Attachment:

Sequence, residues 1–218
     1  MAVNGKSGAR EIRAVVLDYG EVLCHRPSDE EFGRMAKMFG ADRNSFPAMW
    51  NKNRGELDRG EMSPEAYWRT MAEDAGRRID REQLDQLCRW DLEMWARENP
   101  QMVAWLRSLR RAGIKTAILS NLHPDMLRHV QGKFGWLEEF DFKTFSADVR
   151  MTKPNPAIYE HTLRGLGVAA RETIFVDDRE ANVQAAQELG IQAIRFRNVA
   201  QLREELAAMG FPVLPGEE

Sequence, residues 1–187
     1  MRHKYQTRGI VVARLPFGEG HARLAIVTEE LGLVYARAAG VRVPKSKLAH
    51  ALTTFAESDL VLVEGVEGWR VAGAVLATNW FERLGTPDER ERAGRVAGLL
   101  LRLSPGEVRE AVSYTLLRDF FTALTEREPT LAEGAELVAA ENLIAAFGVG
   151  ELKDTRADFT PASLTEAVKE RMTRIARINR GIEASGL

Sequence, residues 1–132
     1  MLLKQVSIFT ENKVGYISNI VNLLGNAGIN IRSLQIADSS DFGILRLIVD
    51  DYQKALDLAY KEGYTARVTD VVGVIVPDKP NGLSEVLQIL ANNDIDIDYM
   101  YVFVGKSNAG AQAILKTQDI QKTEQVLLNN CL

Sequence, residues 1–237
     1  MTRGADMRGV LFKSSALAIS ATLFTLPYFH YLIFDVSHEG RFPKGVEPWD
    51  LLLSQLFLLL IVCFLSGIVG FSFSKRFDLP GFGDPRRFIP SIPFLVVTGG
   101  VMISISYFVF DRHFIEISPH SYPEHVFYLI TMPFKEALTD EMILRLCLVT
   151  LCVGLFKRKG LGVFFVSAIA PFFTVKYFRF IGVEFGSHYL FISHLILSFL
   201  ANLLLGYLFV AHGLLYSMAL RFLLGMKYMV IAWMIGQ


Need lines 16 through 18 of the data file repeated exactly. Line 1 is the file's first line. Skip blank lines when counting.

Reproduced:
Sequence, residues 1–237
     1  MTRGADMRGV LFKSSALAIS ATLFTLPYFH YLIFDVSHEG RFPKGVEPWD
    51  LLLSQLFLLL IVCFLSGIVG FSFSKRFDLP GFGDPRRFIP SIPFLVVTGG